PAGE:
Perfume Diary #13: We Can't Be Ripe Until We're Rotten (Blackbird, Anemone)(HF)

“That fruit which is better as it gets worse / Until it’s at its best when it’s quite rotten / I’m afraid we old men are the same as that; / we can’t be ripe until we’re rotten” -Chaucer, Canterbury Tales

Everyone wanted weird scents, and then weird scents got boring because everyone wanted them. Like all one sentence stories, this one lacks nuance so much as to be almost inadmissible, but it’s not entirely wrong. The trend seems to be turning more and more widely against strange perfumes, against proving that smelling bad is a way of smelling good, that dirt is actually elegant, that one is cool instead of basic because one wants to smell like birdshit rather than like roses. We all kind of want to smell like roses again. Maybe the past two years have just been so damn hard, and we want to smell soft. Looking at fashion, fantasy is in high style, and comfort too, a kind of permissive, enabling maximalism that says to grab whatever small scraps of joy are available--there is so little of it, after all, and time is so obviously cruel. We do not need to seek out ugliness, or demonstrate that we know it exists and where it lives. Ugliness isn't hard to find; anyone can close their eyes and point. In a recent, previous era when so much of this same ugliness was there but so many fewer people talked about it, it felt understandably significant to display on oneself the fact of horrors and bodies, poor hygiene, bad smells, and the fact that sometimes these disgusting and difficult truths could be sexier, more enticing, more what one wanted to smell, than the big sanitized ideas of beauty. Now, it seems, maybe we just want old-fashioned beauty again.

But it’s hard to claim that the clawing animal world beneath the pretty one won’t always be compelling. Right now, it's the weird transitional moment between summer and fall, a season of anticipation and impatience and thwarted longing. Everywhere there’s the feeling of holding a breath at the top of your throat, uncomfortably full, ready to be relieved of the weight of the weather. I want to be reminded that the world is dying, to be watch the green and fragrant abundance fall away and pull the things in my life as artificial as home and love and friends around me. I want to be pushed not to assume bounty from the natural world, to make myself warm only with what I can strike into fire with my hands. But it's not time yet.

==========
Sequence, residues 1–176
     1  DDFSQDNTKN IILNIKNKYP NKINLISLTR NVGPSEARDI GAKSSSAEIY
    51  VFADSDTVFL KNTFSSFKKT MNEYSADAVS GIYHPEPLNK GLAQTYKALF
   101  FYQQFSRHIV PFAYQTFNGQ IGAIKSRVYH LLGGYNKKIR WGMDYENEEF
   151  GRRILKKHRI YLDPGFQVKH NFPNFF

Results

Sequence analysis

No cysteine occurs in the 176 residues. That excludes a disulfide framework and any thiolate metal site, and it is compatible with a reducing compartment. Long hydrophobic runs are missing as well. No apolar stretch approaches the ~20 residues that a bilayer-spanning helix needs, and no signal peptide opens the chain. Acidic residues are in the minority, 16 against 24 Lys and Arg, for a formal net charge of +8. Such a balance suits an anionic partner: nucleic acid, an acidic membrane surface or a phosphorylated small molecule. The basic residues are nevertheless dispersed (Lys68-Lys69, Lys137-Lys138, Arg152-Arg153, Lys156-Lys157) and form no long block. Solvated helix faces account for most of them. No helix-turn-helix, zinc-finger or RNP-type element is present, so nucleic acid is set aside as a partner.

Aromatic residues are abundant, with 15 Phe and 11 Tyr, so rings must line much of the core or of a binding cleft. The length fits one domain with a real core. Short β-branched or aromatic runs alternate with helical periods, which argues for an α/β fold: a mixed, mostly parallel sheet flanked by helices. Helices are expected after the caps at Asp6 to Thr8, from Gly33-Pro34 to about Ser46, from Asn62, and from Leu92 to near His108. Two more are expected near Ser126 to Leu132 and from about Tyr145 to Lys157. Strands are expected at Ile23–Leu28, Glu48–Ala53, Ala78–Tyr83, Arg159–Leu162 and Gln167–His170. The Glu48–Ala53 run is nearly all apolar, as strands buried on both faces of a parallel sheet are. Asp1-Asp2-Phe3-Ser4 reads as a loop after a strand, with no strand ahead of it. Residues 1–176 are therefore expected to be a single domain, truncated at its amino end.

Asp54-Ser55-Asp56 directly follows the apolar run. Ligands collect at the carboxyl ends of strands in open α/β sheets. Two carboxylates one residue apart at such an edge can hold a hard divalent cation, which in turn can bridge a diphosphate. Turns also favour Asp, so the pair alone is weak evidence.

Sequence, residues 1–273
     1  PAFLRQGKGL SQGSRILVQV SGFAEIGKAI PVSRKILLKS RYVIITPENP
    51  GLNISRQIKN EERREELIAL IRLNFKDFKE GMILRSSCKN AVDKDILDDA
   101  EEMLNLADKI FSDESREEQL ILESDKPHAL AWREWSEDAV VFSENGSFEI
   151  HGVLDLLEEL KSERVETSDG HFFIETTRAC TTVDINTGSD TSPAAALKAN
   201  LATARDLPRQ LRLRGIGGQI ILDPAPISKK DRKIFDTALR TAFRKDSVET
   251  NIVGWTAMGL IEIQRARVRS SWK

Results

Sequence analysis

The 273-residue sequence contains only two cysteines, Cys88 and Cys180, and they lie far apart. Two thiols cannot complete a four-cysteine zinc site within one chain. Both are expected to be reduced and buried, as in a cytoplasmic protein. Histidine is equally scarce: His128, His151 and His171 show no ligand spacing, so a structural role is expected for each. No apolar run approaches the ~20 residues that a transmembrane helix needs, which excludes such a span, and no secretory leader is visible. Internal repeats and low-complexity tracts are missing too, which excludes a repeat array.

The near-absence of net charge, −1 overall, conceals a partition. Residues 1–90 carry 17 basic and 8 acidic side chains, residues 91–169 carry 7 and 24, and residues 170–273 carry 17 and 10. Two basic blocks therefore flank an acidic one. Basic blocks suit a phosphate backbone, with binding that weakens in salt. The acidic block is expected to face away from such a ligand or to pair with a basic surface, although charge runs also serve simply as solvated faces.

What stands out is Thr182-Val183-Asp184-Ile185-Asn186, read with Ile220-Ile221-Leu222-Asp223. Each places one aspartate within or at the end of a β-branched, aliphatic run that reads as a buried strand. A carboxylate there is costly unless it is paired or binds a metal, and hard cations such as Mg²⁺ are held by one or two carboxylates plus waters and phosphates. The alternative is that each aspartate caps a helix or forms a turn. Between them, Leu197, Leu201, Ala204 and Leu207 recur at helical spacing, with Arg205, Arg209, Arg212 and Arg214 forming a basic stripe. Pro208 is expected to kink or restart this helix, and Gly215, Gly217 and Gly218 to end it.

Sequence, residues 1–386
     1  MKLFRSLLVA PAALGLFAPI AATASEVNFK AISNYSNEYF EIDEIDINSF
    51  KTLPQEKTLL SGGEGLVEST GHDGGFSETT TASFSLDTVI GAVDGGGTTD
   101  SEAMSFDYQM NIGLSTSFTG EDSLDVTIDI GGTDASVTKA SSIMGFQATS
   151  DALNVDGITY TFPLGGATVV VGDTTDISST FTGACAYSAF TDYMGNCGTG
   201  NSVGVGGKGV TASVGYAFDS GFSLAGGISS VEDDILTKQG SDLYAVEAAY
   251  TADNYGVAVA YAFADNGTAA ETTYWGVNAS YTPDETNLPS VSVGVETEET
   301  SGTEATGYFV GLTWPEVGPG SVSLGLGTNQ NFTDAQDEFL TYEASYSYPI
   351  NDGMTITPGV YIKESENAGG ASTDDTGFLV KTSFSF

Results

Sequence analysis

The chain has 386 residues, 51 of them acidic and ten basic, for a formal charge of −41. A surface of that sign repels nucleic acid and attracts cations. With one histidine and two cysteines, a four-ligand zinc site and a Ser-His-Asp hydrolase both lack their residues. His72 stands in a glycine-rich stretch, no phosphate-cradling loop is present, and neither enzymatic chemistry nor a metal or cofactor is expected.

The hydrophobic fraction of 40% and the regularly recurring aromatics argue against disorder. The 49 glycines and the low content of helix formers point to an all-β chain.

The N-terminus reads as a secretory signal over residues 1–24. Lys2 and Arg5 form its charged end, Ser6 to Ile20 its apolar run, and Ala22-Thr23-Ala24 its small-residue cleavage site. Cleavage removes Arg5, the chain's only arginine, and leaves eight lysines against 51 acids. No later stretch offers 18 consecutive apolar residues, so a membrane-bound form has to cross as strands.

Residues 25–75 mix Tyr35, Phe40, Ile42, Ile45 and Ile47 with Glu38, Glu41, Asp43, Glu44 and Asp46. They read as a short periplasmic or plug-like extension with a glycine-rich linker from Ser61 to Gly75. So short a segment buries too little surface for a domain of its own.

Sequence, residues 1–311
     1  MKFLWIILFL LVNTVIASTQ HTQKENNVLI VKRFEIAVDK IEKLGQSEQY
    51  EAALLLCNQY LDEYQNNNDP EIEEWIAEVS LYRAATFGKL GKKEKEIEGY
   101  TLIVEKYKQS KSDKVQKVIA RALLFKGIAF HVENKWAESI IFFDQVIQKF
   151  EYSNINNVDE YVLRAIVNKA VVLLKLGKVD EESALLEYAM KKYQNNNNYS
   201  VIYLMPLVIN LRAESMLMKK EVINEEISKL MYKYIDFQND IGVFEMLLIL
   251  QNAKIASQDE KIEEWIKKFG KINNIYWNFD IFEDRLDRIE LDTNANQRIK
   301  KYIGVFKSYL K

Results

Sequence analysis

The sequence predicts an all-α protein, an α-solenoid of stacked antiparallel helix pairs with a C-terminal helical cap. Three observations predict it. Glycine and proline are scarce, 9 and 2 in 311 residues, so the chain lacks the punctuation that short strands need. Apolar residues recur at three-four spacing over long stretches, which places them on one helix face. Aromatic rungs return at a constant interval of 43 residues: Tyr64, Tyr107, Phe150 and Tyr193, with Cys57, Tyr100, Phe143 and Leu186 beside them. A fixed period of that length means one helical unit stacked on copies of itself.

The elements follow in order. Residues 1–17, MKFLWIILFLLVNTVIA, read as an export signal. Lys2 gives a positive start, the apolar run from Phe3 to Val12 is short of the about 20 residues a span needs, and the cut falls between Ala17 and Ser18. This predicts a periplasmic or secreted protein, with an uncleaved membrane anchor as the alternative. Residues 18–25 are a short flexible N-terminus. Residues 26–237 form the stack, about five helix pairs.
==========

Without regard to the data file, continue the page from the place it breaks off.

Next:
Summer is past ripeness, though, and the heat feels like rotting flowers. Rotting flowers have been a particularly favored scent in the pantheon of weird scents. It's rarely done right; rotting flowers and rotting fruit usually smell, well, bad. But when a perfume gets it right I feel its rightness at the pit of my stomach, that human thing that drives us about the smells of decay, the warnings coiled up in sweetness, the bright beauty that hisses and repels, the pile of old coats at the place where tuberose turns to mothballs. It's the smell of how things are always better in the wanting than the getting, and why it is sweeter to desire what we cannot have. But it's also the smell of that very first impatient turn from summer to autumn, of a field strewn with fruit fallen full and wasteful off of trees, ground into dirt and out of potential.

Blackbird was a favorite in the craze for weird scents; their perfumes have names like Pipe Bomb and Broken Glass and Hallow, and purport to smell like motor oil and witches and aliens. Their aesthetic is aggressively goth-minimalist, and many of their scents smell much the same, refusing prettiness. It says something about me, maybe, that the only one of their scents I really like is a fruity floral, but to be fair it is a very weird fruity floral.

Blackbird's Anemone comes close to getting the smell of the turn just beyond ripeness correct, that addictive, rotten thing, that floral hatesex smell. The name has nothing to do with the scent, at least not in what it smells like on my skin; the website copy calls it "undersea flowers" but to my nose there's nothing marine or salty or aquatic about this wilting, overripe scent that starts at plums and ends at tobacco and labdanum, and never pretends to be friendly or kind at any point in between. I thought I didn't like it at first, but I've been wearing it for two days and can't stop smelling my arm. I don't know that its sticky, combative brightness would work in the colder weather, but in this delayed in-between, it's exactly the thing I want to smell, a pile of fruits and flowers on a table at the end of long night, as the party is taken down and thrown away around it, the smell of the bottom of the night at the last wedding at the end of the summer.